A life hack is a way of outwitting the system, a gratifying shortcut that saves thirty minutes in an overloaded afternoon, or gives a DIY method for storing shoes. The term was popularized by Lifehacker, a blog that publishes advice and tricks for conserving time and money. Titled “Life Hack,” Justin John Greene’s exhibition of four paintings and two drawings at Smart Objects (all 2018) offered suggestions for expanding the term’s purview, applying it to the fraught spaces of socioeconomic privilege, gendered power dynamics, and dystopian technocratic hegemony. It was a strange premise for an exhibition, and the notion that the works were meant to relate to life hacking was illuminating in some instances and perplexing in others.
The six-foot-tall painting We Eat Out Too Much depicts a typical weekend soiree, where a youngish crowd languidly sips martinis and beers around a restaurant table. A man with the head of a rhinoceros splays his legs, taking up more than his fair share of the real estate under the table. This notorious gesure of male entitlement—“manspreading”—read here as a boorish kind of life hack, in which one deploys social privilege to secure a position of power, regardless of merit. In the foreground, a man on his tiptoes stands atop a silver platter held high above a waiter’s head, defying the laws of gravity in a surrealist feat of equilibrium.
A dapper film-noir actor appears to panic in the smaller painting Expiration Date, oblivious to the glamorous actress hanging from his neck. He is transfixed by a bunch of ripe bananas, one of which has an iPhone charger cable inserted into it—a reference to the urban myth that plugging a dead cell phone into fruit will resuscitate it. There’s a joke here in the contrasting of the phallic banana’s vitality with the iPhone’s impotence. A superimposed passage from Martin Amis’s 1978 novel, Success, reinforces the theme of emasculation. It’s a poor man’s account of getting robbed. “I felt my trousers go wet and hot,” he says. Pairing Amis’s hapless protagonist—whose shifting fortunes are the book’s subject—with the image of a movie-star fantasy man, Greene underscores the latter’s fears of inadequacy and alludes to another meaning of the word “hack.”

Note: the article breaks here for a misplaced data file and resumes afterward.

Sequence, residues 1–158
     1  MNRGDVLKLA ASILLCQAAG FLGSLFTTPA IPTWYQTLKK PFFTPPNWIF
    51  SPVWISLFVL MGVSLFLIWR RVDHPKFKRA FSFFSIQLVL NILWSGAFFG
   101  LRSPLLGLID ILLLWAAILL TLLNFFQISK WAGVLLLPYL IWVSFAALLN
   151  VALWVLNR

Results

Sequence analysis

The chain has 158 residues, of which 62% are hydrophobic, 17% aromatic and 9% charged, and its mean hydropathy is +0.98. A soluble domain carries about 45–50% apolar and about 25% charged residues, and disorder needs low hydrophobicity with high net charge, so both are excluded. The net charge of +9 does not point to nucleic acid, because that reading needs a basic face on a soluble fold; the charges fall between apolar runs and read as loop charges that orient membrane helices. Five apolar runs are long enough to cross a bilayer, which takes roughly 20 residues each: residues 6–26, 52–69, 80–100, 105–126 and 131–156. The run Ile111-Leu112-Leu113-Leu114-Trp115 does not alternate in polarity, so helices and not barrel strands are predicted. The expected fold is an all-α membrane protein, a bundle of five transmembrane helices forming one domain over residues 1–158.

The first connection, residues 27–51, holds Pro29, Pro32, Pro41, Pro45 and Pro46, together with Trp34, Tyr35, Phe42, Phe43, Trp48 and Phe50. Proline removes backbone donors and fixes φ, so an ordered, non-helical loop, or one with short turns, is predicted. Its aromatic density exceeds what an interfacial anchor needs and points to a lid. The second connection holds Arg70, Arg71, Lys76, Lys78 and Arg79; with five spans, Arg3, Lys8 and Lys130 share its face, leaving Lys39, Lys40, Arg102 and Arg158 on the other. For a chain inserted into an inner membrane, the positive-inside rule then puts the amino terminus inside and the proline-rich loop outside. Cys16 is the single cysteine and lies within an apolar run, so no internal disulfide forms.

Posing as a Hacker is a portrait of a young woman reclining on a couch with a Macbook Pro. She wears socks and a trench coat over a black dress. Her intense absorption in the screen is heightened by the dramatic moonlight that colors the whole scene blue. While Greene undermines certain clichés of portraiture with this woman’s disregard of the viewer’s gaze, the work lacks the subversiveness and buoyancy of the more peculiar compositions elsewhere in the show.
Wild man-machine hybrids appeared in the remaining works. The two drawings depict figures whose bodies are composed of tubes, bolts, screws, and other objects and mechanical components. The final painting, 2.0, shows the artist with a large plastic funnel inserted into his arm, where gears and cylinders have replaced his ligaments and flesh. In this work, he renders himself bionic, a body hacked open for some madcap convenience or a quick, cheap fix. The bizarre urgency of this scheme suggests that our hacks are overtaking us, altering our very sense of what matters as we race to outmaneuver the system.